Wednesday, March 20, 2013

Leaders of Women

In the early 20th century two women stood out as leaders of women composers, promoters of American music and in particular American women composers.  These women were friends and colleagues  ... Mrs. Amy Beach and Gena Branscombe.  Their intersecting lives left an indelible mark on American music and today's women composers benefit from the paths these two laid down for them. 

Mrs. Amy Beach was born Amy Marcy Cheney in Henniker, New Hampshire in 1867 and became Mrs. H.H.A. Beach in 1885 when at the age of 18 she married the famous physician, Henry Harris Aubrey Beach.  She was a child prodigy on the piano making her concert debut at the age of 16 in Boston. 

Imagine my surprise when I first met Gena Tenney Phenix in 2000 and asked her if during her childhood had she ever met Mrs. Beach?  Her response was, "Oh, you mean Aunt Amy?  No, I do not remember meeting her though I know she was in our home when we lived on West 82nd Street."  Aunt Amy? ... this famous woman composer and performer was called Aunt Amy?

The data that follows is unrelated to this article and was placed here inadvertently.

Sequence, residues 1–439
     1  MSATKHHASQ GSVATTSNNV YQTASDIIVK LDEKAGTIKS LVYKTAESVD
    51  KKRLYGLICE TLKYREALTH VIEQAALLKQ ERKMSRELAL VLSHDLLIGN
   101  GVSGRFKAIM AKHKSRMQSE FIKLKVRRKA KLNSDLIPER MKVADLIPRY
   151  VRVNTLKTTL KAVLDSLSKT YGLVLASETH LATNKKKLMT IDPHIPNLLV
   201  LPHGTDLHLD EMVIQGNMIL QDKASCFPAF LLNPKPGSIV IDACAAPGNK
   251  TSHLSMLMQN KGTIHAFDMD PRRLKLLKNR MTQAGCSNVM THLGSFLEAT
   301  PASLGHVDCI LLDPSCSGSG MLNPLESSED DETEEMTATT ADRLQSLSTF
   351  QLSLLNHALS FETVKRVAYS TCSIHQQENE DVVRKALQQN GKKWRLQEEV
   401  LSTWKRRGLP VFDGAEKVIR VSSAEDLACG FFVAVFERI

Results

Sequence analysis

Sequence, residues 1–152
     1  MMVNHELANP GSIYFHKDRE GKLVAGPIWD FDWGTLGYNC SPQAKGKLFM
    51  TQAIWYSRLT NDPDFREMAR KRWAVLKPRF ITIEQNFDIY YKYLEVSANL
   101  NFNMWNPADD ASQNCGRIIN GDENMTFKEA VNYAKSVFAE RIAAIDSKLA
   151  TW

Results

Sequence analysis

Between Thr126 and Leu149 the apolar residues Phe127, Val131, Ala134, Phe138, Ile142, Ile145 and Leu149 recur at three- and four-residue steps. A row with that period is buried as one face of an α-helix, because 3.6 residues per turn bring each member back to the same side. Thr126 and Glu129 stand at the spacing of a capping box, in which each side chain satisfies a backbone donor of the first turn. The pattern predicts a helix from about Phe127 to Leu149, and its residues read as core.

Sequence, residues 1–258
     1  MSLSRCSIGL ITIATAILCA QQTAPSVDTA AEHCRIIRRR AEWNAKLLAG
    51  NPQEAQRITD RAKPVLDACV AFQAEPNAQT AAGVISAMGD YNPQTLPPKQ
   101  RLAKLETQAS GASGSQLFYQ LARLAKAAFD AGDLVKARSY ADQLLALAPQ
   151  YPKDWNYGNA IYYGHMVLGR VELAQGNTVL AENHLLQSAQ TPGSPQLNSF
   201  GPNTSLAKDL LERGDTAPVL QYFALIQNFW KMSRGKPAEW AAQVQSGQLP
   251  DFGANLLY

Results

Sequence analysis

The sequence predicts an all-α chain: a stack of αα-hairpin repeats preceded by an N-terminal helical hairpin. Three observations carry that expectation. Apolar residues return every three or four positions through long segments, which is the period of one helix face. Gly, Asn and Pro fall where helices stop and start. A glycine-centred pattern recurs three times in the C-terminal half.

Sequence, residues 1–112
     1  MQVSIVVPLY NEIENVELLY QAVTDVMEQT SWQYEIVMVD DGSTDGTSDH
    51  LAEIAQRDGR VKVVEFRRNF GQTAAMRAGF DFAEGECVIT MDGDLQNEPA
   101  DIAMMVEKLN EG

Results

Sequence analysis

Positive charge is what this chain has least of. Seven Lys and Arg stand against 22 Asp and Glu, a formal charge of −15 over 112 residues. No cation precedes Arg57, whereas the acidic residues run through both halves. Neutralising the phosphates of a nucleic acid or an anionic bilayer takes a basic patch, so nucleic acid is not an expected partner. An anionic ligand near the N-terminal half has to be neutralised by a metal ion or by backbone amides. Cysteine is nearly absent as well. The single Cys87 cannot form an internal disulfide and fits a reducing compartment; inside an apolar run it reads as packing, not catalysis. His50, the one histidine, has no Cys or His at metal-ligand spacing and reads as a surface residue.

Little did I know that during her lifetime as a mentor to women composers and performers, Mrs. Beach became known as " Aunt Amy" for she was their principal role model, a caretaker, pathfinder and advocate.   Her "nieces" were members of the Society of American Women Composers, National Federation of Music Clubs and the National League of American Pen Women.

Gena Branscombe and Amy Beach had personal lives that were quite dissimilar.  Gena was a mother with four daughters whose musical career was woven into the fabric of her family life.  She composed while her husband took the girls to Central Park.  Gena's husband, John Ferguson Tenney, was a strong supporter of his wife's musical  profession.  Within her career as a pianist and composer, she became a conductor of choruses. 

Amy Beach was a concert pianist and composer.  When she married Dr. Beach, her husband insisted she not accept payment for her recitals and she even curtailed her performing appearances.  She was encouraged to compose though no formal composition lessons were taken.  Upon her husband's death in 1910, Mrs. Beach's career blossomed with travel to Europe and across the United States concertizing and composing. 

Professionally these two women composers and performers were linked by their leadership roles and memberships in the National League of American Pen Women, the Society of American Women Composers, the National Federation of Music Clubs and their publisher, Mr. Arthur P. Schmidt of Boston, MA.  Their friendship and musical goals grew out of these associations.